Cashman said he would work with business owners in the neighborhood's business districts to try to get businesses partnering on sharing their existing spaces. He pointed to the almost aways empty Citizens Bank lot in Brighton Center as an example of a lot that might prove valuable for evening valet parking at nearby residents.

Breadon said the city needs to do a better job just putting up signs pointing people to existing municipal lots, such as the one behind the Corrib in Brighton Center or the one behind Blanchard's in Allston. Not everybody knows they're public lots, rather than belonging to the businesses in front of them, she said.

The role of a district city councilor

Breadon said part of her job would be to encourage alliances between Allston/Brighton residents and people in other neighborhoods with similar issues to create greater advocacy on key issues. She pointed to Mission Hill as another neighborhood beset with issues related to institutional expansion. She said she would call on her 20 years as a community activist, on such issues as keeping the Faneuil branch library open and finding a new use for the Presentation School, to fight for such issues.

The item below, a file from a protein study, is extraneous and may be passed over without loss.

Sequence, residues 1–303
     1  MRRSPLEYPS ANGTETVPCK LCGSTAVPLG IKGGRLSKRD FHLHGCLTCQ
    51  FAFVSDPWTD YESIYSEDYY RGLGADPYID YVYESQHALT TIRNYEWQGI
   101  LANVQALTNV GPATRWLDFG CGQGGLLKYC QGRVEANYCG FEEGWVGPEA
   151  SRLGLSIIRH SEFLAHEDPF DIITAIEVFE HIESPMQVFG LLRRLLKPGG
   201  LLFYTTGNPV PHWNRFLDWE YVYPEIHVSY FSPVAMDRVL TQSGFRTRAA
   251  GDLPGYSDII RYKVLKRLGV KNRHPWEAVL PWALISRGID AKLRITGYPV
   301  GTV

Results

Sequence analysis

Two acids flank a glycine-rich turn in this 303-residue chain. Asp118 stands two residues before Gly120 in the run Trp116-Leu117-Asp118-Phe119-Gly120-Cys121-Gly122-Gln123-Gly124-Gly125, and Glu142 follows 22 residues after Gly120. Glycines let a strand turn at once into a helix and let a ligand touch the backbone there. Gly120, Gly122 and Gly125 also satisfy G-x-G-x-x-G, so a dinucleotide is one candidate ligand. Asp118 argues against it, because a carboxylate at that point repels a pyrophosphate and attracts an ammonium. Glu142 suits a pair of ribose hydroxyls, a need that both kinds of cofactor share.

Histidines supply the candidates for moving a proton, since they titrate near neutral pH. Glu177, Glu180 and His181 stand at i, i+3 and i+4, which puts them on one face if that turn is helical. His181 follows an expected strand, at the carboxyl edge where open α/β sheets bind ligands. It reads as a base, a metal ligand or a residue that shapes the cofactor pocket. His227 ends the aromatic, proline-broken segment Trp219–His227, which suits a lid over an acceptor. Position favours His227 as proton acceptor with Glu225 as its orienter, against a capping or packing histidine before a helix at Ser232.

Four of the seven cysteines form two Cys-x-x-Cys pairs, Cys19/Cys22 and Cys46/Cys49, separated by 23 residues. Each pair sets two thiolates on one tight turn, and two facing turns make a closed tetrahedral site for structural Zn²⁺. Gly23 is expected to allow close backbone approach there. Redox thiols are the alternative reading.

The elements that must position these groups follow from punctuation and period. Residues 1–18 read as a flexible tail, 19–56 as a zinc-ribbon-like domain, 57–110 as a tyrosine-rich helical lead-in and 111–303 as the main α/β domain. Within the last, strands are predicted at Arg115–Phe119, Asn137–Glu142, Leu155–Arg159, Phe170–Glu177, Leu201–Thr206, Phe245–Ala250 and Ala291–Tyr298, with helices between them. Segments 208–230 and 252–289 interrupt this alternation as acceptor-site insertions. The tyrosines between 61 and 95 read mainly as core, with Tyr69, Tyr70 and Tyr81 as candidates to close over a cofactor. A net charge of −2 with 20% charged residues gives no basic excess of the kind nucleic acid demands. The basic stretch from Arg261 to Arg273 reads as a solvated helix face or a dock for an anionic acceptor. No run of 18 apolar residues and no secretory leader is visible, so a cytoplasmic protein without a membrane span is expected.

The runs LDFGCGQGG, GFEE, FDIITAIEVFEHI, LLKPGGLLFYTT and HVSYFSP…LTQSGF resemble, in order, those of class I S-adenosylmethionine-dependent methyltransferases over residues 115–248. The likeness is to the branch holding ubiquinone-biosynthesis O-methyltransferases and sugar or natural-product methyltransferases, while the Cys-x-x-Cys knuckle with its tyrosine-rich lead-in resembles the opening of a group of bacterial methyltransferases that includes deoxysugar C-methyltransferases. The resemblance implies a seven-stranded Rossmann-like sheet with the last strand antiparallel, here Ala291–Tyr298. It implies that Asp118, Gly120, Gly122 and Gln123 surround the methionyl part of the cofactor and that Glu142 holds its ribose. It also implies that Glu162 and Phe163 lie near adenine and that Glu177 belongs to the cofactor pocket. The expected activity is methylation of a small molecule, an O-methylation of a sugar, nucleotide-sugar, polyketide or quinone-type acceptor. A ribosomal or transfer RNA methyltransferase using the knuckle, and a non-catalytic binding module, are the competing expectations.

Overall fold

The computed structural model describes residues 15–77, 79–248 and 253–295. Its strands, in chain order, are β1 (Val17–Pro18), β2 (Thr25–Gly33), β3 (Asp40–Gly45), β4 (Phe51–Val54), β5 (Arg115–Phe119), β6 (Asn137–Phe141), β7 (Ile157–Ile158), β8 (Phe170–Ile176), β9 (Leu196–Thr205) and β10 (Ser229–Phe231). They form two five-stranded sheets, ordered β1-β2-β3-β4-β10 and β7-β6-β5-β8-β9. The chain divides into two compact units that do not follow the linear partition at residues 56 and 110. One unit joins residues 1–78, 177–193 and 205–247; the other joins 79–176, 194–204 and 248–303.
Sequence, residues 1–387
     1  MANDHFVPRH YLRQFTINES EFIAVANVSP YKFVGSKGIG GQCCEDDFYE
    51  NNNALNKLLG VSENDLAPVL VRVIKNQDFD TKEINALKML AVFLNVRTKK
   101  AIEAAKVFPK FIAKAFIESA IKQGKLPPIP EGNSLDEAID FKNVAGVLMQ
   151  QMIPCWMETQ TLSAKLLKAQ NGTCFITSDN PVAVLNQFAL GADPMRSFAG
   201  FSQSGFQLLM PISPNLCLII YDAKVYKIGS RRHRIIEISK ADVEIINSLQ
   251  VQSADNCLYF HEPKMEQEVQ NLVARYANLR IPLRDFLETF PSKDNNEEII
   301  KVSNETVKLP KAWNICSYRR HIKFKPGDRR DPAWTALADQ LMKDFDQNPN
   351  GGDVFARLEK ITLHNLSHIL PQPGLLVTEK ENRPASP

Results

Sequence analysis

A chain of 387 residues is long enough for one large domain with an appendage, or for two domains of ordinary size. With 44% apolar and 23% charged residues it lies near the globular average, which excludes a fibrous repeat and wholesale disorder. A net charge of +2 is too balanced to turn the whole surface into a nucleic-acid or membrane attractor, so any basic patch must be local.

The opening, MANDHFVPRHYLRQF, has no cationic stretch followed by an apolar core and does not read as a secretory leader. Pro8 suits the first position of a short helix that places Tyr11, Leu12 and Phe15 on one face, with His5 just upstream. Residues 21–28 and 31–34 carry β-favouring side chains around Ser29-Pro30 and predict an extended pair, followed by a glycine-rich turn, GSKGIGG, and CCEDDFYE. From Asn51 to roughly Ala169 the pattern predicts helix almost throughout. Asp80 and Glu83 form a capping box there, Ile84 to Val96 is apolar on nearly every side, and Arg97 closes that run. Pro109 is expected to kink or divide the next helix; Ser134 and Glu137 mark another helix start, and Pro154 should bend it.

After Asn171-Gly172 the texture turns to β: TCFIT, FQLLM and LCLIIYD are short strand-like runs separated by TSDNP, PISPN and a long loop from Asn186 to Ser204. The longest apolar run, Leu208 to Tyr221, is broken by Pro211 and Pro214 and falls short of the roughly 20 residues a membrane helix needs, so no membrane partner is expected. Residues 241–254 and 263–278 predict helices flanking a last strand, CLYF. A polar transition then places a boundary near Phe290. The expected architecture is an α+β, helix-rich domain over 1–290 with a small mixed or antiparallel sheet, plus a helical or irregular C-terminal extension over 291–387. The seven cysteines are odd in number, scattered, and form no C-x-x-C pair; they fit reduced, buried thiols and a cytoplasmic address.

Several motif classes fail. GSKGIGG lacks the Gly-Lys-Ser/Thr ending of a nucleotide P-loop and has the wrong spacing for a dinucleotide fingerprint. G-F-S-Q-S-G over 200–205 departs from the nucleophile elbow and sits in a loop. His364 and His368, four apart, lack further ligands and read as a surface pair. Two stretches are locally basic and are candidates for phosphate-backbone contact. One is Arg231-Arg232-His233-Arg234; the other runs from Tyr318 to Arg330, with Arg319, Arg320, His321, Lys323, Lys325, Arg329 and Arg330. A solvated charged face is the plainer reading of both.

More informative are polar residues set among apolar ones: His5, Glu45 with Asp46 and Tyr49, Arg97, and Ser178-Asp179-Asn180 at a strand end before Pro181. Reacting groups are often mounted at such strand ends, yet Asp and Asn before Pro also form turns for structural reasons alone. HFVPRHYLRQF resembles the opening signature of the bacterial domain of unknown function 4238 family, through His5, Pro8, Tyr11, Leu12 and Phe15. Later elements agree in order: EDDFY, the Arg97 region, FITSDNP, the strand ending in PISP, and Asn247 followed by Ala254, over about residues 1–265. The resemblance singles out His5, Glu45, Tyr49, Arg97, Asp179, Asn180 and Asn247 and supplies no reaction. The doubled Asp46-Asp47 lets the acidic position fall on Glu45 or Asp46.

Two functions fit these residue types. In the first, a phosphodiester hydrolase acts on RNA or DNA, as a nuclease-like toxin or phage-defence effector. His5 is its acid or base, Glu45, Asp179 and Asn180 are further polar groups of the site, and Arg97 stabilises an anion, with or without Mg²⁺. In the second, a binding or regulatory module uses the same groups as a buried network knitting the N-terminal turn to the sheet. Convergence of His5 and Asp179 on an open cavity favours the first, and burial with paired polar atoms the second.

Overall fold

Cashman said he would focus on constituent issues, right down to something like a situation on Etna Road, where during some door knocking, a resident said he really wanted to see stop signs installed at the intersection with Elmira Street. At the same time, though, he said that after 12 years as a district liason for state Rep. Michael Moran, he realizes that getting anything done takes somebody on the inside, who knows which buttons to push and levers to pull. He said he knows who to call at City Hall and the State House to get things done. "There's no loearning curve for me at this point."

Breadon, a physical therapist, said her job would make her equally adept at community services, because a key part of her job is not just helping patients with direct physical care, but in connecting them and their caretakers with additional services.


Both agreed the process for replacing the Jackson-Mann School has been awful and that BPS simply needs to do a better job both at coming up with a plan to ensure the neighborhood actually gets a good new school and that parents are brought in the loop so they can plan on what to do when the school is torn down.

Both also said the current test system for getting into exam schools needs to be re-evaluated, in part to ensure that poorer BPS students get the same sort of test prep as affluent kids. Breadon suggested adding a point system - a kid who had come up from kindergarten in BPS would get extra points towards exam-school admission.